Sunday at Cass: February 22, 2015

Sunday at Cass
February 22, 2015

I had heard about this semi-monthly action of compassion from Barbara Ingalls, a friend of mine.  She had often posted photos of this on her Facebook page.  It was easy for me to find reasons not to come down.  We had purchased a house in Chesterfield Township, a 30-mile jaunt down I-94; Still Point Zen Buddhist Temple’s service begins at 10:30AM, ending around 11:30AM, not leaving much time to swing down to Cass Park in time to participate significantly; and lately, there always seemed to be construction on I-94 on the weekends leading into Detroit, with more detours and back-ups obstructing the drive.  Then there was the weather – the cold and snow during the winter and the summer distractions.  And, to be honest, busy weeks and late-night Saturday nights discouraged me from setting an alarm on Sunday mornings.

But I wanted to do this.  I wanted to balance this with my practice.  I decided on this particular Sunday, after the service at Still Point, to witness what was going on at Cass Park.  My hope was to alternate Sundays – with sitting practice at Still Point on the 1st and 3rd (and 5th) Sundays of the month, and life practice on the 2nd and 4th.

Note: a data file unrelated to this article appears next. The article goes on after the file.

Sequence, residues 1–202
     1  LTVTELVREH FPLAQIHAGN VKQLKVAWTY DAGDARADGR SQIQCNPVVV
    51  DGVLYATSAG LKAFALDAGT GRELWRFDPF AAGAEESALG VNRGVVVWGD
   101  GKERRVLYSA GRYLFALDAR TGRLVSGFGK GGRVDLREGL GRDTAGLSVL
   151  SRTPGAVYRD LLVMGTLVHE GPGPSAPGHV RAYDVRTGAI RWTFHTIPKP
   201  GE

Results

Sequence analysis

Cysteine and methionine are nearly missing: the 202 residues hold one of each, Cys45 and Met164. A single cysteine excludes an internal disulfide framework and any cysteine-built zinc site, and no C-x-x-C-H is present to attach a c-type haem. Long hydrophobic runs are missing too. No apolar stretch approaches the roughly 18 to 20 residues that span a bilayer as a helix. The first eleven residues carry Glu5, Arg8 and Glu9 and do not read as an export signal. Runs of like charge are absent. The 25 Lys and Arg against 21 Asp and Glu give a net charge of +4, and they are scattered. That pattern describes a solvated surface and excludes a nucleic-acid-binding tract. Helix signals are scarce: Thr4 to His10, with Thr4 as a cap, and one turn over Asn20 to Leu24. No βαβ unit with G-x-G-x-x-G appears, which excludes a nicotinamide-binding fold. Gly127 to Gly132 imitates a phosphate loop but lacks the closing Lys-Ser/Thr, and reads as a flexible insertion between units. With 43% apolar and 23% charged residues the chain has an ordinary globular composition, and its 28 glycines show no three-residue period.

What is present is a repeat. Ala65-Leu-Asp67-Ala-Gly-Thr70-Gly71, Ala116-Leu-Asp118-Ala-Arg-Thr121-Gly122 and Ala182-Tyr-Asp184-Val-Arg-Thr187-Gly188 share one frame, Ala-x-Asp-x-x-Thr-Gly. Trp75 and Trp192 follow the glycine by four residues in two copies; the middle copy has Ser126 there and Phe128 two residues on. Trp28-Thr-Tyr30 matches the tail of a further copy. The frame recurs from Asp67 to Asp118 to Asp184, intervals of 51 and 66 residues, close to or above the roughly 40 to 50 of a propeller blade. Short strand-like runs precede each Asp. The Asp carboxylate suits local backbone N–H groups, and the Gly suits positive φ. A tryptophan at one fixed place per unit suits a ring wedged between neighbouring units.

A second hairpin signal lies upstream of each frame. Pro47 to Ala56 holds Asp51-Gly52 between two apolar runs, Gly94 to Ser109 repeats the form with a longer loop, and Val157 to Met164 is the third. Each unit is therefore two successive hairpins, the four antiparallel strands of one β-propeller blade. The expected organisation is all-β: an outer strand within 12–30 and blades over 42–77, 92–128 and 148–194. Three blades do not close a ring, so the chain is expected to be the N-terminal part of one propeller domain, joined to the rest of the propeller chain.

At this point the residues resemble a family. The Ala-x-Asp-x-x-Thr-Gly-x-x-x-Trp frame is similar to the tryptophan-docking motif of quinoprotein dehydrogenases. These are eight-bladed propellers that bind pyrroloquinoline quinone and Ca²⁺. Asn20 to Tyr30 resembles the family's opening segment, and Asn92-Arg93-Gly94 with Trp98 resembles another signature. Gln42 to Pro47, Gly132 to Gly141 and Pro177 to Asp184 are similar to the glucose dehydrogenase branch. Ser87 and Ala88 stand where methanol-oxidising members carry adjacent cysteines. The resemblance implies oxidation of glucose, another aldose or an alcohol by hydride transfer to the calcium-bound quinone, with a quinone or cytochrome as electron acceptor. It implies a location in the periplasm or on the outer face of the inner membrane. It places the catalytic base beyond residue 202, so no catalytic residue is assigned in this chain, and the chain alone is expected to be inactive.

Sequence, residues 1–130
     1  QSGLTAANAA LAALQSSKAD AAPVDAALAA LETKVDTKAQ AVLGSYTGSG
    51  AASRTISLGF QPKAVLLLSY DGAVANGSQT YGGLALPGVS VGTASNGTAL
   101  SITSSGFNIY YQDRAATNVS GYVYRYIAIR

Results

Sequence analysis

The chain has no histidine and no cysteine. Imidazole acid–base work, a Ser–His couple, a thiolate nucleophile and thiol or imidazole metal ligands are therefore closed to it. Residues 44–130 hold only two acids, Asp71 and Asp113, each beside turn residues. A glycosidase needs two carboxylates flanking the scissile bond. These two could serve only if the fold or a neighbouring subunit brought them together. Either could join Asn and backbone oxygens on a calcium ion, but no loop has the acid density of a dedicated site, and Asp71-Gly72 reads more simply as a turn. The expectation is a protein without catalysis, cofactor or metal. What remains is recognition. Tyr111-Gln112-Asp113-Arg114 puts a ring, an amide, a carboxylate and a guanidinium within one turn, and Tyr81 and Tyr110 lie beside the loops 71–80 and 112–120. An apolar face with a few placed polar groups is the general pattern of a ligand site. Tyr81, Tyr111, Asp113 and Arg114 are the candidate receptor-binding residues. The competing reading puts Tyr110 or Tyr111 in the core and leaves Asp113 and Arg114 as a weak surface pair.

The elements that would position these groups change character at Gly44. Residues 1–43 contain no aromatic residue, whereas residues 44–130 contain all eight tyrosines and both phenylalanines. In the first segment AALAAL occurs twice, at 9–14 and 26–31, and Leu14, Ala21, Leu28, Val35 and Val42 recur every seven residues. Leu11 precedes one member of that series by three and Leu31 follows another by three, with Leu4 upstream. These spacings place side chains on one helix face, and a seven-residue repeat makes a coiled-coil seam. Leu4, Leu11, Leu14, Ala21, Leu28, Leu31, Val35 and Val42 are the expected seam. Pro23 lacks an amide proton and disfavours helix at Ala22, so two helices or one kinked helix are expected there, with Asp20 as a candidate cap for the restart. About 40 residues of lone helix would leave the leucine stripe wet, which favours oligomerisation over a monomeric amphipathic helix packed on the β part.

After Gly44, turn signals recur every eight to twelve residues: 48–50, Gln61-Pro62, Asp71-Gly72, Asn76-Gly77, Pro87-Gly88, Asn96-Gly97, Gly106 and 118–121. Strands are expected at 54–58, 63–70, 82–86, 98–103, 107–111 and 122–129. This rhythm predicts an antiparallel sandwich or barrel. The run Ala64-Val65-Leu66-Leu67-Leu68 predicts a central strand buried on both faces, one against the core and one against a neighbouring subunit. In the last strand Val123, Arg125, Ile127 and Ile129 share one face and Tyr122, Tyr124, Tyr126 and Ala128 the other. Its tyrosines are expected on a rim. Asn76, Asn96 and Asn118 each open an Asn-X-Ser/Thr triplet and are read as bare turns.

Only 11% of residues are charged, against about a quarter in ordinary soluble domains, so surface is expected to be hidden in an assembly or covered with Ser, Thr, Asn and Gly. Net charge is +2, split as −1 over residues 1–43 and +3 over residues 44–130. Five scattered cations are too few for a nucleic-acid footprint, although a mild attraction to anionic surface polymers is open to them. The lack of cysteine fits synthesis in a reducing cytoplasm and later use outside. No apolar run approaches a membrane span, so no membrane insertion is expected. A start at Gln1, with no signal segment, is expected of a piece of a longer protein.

I happened to pick a Sunday that Barb couldn’t attend.  I felt a little out of place, standing out in my Detroit Vipers jacket and camera slung around my neck.  I mingled a little.  One volunteer asked me about my Vipers jacket.  She told me her sister had dated Peter Ciavaglia – one of the stars of the team back in the day.  He is still in the area, she told me, as a financial consultant.  Vintage as it is, that Vipers jacket still opens the door to conversation.

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I chatted with the man on the left in the photo above.  He was a mechanic for twenty-plus years.  He admitted to using cocaine while employed, but held down the job all those years until the business went under.  He sought recovery and has been off drugs, which cost him his family.  He explained to me that they deserted him because they were all drug users and felt uncomfortable about his clean and sober lifestyle.  He worked for a garage for another couple years, but it closed, then he lost his apartment and had been homeless ever since.  He talked about taking care of his brother who had suffered a stroke and lived on the west side of Detroit.  His brother just sits around the house and bemoans about not being able to do anything, losing all sense of purpose.  He said he’d much rather be homeless and alive then moping around a home feeling hopeless.

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The scarves on the trees were left behind for those who wandered into Cass Park after everyone had left.

I was conservative about my photography, unsure of the protocol and wanting to respect the sanctity of what I was witnessing.

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